At a glance
- In challenging times, cost-cutting is a common, knee-jerk reaction to deal with difficulty and keep a business afloat.
- There is no catch-all approach to smart cost reduction, but experts advise that the cuts that present the lowest long-term risk are to discretionary spending.
- In terms of more significant cost cuts, it is important that all decisions be backed by a comprehensive analysis of the organisation’s financial performance and strategy.
There is nothing like a financial crisis to bring cost management into focus. When the COVID-19 pandemic triggered the deepest economic recession in almost a century, most businesses responded with cost cuts, some trimming around the edges, others cutting right down to the bone.
However, not all cost reductions have the desired outcome. In the absence of sound financial analysis and a link to business strategy, short-term cuts can actually lead to lower long-term profits.
While cost cuts are not always the best response to a downturn, they are among the most common.
Data from a recent CPA Australia Asia-Pacific Small Business Survey, for instance, shows the top three ways that business have responded to COVID-19 have been to start or increase their focus on online sales (25 per cent), reduce capital expenditure (24 per cent) and seek government support and subsidies (23 per cent). Almost 20 per cent reduced staff numbers and salaries, while 16 per cent negotiated a rent reduction or waiver with their landlord.
Bruce Sweeney, advisory partner and financial services sector leader for small and medium business at KPMG, says there is no one-size-fits-all approach to cost cutting.
“Squeezing your cost base by an arbitrary 10 per cent has been the rule of thumb, but this doesn’t always take into account the uniqueness of your organisation and what your cost drivers are,” he says. “As a result, it can be quite damaging. There is a time and a place for putting in some relatively quick cost wins.”
Quick wins vs lasting value
Cuts to discretionary spending rarely present long-term risks. This is what Sweeney describes as “trimming the low-hanging fruit”.
“We certainly recommend those quick wins at the start, like cutting unnecessary spending on subscriptions or supplies, or maybe some IT costs that are just a ‘nice to have’.”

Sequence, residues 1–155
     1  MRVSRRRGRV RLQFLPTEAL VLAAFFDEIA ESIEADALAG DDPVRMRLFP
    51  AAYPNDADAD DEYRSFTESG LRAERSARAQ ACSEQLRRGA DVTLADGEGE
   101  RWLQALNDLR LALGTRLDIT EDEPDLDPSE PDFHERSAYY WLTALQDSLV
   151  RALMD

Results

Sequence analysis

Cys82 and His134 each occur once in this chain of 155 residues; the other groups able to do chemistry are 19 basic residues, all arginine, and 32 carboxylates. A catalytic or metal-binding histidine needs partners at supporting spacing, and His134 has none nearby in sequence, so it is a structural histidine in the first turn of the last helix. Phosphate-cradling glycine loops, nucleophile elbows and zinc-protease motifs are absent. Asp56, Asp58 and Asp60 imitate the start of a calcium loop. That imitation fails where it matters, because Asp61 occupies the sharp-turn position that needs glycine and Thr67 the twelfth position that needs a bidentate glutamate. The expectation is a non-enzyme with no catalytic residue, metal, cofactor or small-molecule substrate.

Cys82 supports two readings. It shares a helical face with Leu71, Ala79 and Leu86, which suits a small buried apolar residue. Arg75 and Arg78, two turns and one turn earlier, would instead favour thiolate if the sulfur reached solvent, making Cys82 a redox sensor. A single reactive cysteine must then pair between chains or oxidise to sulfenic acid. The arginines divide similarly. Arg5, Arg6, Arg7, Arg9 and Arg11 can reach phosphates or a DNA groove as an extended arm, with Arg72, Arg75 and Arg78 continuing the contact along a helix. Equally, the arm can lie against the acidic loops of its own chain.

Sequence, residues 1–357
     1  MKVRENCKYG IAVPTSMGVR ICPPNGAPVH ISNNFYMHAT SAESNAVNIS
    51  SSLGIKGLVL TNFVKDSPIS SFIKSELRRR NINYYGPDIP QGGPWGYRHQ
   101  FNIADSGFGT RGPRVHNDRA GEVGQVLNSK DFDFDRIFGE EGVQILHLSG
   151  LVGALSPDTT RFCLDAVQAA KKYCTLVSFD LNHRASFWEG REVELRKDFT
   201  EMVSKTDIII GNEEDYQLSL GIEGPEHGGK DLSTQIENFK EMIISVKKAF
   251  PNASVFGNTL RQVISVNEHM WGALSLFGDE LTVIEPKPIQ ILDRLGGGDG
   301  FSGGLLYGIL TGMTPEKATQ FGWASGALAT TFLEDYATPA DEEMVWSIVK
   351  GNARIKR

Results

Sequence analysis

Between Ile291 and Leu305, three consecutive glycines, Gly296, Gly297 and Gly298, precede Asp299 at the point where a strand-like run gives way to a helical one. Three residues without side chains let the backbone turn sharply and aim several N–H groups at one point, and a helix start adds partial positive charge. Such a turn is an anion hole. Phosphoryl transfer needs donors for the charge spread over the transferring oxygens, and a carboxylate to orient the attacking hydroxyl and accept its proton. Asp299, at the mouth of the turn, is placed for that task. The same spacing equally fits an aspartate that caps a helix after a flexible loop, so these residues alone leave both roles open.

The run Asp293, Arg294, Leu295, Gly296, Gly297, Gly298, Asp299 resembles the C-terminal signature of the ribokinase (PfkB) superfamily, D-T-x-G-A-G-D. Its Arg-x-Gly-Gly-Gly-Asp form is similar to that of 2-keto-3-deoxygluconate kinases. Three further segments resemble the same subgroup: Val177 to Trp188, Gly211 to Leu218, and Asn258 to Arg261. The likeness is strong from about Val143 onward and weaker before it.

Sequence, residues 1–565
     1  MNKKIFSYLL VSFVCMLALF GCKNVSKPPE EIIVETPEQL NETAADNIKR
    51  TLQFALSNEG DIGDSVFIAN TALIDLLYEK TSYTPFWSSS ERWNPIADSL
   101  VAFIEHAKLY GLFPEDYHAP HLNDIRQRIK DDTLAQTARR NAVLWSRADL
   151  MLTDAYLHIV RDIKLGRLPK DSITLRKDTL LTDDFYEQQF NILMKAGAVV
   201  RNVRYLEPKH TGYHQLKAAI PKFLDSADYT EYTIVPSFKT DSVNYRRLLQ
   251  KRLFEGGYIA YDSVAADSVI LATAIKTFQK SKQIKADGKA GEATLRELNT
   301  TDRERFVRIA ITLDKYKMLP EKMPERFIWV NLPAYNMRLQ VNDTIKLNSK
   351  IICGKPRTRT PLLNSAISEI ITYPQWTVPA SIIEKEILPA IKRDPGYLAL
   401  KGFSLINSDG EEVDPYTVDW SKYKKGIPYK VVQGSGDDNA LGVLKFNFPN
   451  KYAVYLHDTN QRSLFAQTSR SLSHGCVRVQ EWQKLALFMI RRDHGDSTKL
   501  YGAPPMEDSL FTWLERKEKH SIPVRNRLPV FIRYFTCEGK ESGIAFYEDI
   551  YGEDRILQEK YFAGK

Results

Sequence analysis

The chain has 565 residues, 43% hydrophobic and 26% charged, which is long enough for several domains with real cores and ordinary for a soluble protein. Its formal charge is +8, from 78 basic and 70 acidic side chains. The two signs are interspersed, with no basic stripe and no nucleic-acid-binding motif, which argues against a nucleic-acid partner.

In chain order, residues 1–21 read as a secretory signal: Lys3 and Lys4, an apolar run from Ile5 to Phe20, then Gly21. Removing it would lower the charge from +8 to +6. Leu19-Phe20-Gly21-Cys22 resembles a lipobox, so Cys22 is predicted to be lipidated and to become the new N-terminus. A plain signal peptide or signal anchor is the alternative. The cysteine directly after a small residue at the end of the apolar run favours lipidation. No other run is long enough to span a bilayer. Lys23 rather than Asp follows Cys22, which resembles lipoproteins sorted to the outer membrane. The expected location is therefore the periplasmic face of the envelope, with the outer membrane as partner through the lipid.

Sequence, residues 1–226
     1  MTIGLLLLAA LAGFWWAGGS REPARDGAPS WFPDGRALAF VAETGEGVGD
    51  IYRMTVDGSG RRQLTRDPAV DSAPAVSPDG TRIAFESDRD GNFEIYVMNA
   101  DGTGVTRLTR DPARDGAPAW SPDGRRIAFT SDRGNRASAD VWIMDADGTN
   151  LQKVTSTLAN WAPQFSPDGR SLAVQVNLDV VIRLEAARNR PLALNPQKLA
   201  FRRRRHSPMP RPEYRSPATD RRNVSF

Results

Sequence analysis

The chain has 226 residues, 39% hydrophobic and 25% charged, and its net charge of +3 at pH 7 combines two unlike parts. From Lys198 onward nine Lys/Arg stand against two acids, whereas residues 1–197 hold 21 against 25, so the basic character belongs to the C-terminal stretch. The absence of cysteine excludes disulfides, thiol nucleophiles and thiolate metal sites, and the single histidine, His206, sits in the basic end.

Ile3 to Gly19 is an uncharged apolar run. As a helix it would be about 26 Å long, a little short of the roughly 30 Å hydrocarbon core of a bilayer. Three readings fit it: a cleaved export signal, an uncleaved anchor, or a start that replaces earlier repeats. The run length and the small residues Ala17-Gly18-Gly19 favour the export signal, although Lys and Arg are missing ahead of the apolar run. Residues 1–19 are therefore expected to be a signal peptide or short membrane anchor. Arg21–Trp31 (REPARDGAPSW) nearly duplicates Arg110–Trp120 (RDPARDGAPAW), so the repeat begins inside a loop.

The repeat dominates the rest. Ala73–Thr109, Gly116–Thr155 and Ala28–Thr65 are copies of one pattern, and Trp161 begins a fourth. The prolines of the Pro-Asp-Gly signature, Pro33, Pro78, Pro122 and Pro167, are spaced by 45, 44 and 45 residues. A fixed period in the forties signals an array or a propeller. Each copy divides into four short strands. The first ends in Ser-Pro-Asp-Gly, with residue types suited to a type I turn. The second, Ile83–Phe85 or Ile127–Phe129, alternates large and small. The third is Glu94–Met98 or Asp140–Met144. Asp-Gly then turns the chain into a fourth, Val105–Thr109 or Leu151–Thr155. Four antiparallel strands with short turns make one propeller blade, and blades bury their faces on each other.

Pausing non-critical projects also presents an opportunity for a low-risk cut, says Sweeney.
“Other immediate solutions could be putting a freeze on certain recruitment that’s not core to the business, streamlining the way you order, renegotiating terms with suppliers or taking some overdue actions like rationalising some of your underperforming assets, if that’s a relatively easy thing to do.”
Brett Hay, principal consultant at Expense Reduction Analysts, says most categories of expenditure can produce savings, but this kind of cutting requires diligence.
“For instance, a business could easily get 20 per cent to 25 per cent savings by switching to an online ordering system,” he says. “It avoids errors and reduces paper, because fewer people are handling it. Ultimately, those savings go straight to the bottom line.”
Weighing up the risks
However, some cost cuts present potential long-term risks. Reducing staff numbers is one of them.
A third of respondents in CPA Australia’s Asia-Pacific Small Business Survey cited staff salaries as the most significant cost to their business in 2020. However, Hay advises business owners to seek alternatives to staff cuts.
“Compare two organisations of similar sizes – one that cut staff and paid redundancies and one that retained them,” he says. “The first one didn’t streamline their work processes after cutting staff, and suddenly 80 staff were picking up the work of 100 people. When things started to improve, the organisation had recruitment costs and training costs, but much of the corporate knowledge had been lost.”
In Hay’s hypothetical scenario, the second organisation, which kept its staff, fared better.
“Not only did they save recruitment and training costs in the long run, but they were also very transparent about the company’s performance, and so staff were willingly prepared to take a short-term hit to their salary of, say, 15 per cent.
“When the business bounced back, it was able to restore historical salaries. It avoided a lot of disruption and was able to continue servicing its customers.”
Decisions to cut spending from advertising, marketing and sponsorship commitments may also present short-term savings at the expense of long-term business risks.
Virginia Pracht, head of strategy at advertising agency Ogilvy in Melbourne, says cost management should be linked to the overarching purpose of a marketing strategy.
“For instance, is your marketing effort aimed at driving the brand long term or short term?” she says. “Research shows that, if you stop spending on marketing during a recession, you’ll actually take longer to recover.”